“Nevermind” remains to be ever controversial album of Nirvana, given the album art. The album producer Butch Vig recalled how his famous collaboration with the band began, going in-depth about some of the key moments and challenges from the recording process behind the band’s iconic sophomore LP.
Butch Vig talks about Dave Grohl
As Kurt Cobain & Co. settled for Vig as the producer of their sophomore record and major label debut, a cassette containing an early version of “Smells Like Teen Spirit” arrived on Vig’s doorstep. Here is what Vig told Consequence in a new interview:
“A couple of days later a cassette showed up. So I put it in my cassette player in the car… It was Kurt, and he said ‘Hey, Butch, we’ve got a new drummer, his name is Dave Grohl. He’s the best drummer in the world.’
“And they kicked into ‘Teen Spirit’… and as soon as they kicked in, it was so distorted because they recorded on those boomboxes with the built-in microphones.”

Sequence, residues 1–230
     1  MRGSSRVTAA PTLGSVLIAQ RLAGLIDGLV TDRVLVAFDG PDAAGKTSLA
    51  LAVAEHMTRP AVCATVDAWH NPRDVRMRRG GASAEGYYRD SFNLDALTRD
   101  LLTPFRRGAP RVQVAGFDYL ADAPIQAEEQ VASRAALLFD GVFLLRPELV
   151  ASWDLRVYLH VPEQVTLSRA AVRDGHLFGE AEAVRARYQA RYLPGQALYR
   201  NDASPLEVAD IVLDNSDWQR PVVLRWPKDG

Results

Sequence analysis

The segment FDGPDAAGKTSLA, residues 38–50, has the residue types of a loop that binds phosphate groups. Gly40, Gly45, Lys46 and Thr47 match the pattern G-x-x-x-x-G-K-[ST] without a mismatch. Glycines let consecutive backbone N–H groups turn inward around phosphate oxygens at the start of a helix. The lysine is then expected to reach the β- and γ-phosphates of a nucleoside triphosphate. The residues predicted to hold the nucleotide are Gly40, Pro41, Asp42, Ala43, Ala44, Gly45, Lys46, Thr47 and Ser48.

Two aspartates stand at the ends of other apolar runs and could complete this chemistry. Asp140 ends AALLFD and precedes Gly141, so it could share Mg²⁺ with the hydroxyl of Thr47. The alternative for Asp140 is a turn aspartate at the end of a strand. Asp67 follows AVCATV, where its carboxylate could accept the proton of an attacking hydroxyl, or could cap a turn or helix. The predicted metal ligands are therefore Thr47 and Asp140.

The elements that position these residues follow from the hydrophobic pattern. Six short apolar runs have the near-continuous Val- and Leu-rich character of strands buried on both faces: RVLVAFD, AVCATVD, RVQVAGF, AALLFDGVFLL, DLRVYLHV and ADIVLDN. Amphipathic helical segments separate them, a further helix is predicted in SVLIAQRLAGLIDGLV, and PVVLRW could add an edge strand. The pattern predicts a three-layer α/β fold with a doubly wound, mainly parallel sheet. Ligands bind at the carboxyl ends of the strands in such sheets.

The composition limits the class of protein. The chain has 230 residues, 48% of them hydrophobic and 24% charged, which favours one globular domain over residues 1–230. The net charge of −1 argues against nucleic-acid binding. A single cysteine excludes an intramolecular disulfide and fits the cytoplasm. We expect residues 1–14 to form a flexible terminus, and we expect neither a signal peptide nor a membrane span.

The producer noted how the three-piece, now with Grohl behind the drum kit, was never one of those bands who lacked professionalism: Even so, that was enough to pique Vig’s interest, and Nirvana went over to his Smart Studios in Wisconsin to begin work on early versions of songs that ended up on “Nevermind”. He continued:
“They hadn’t written ‘Teen Spirit’. I knew that Kurt’s songwriting had progressed a lot because of the songs that we recorded for those ‘Smart’ sessions. ‘In Bloom’ was one of them, which is just a fantastic song and a great melody over a chord structure. ‘Stay Away’ was on there. I think it might have been called ‘Pay to Play'”
“I knew that he [Cobain] was trying to grow as a songwriter and it was during those early ‘Smart’ sessions… I discovered he was a huge Beatles fan, and as much as he admired John Lennon’s aesthetic, he really admired Paul McCartney’s melodic songwriting and his melodic sensibility. So I filed that away as a reference point that I would use later on when we recorded Nevermind.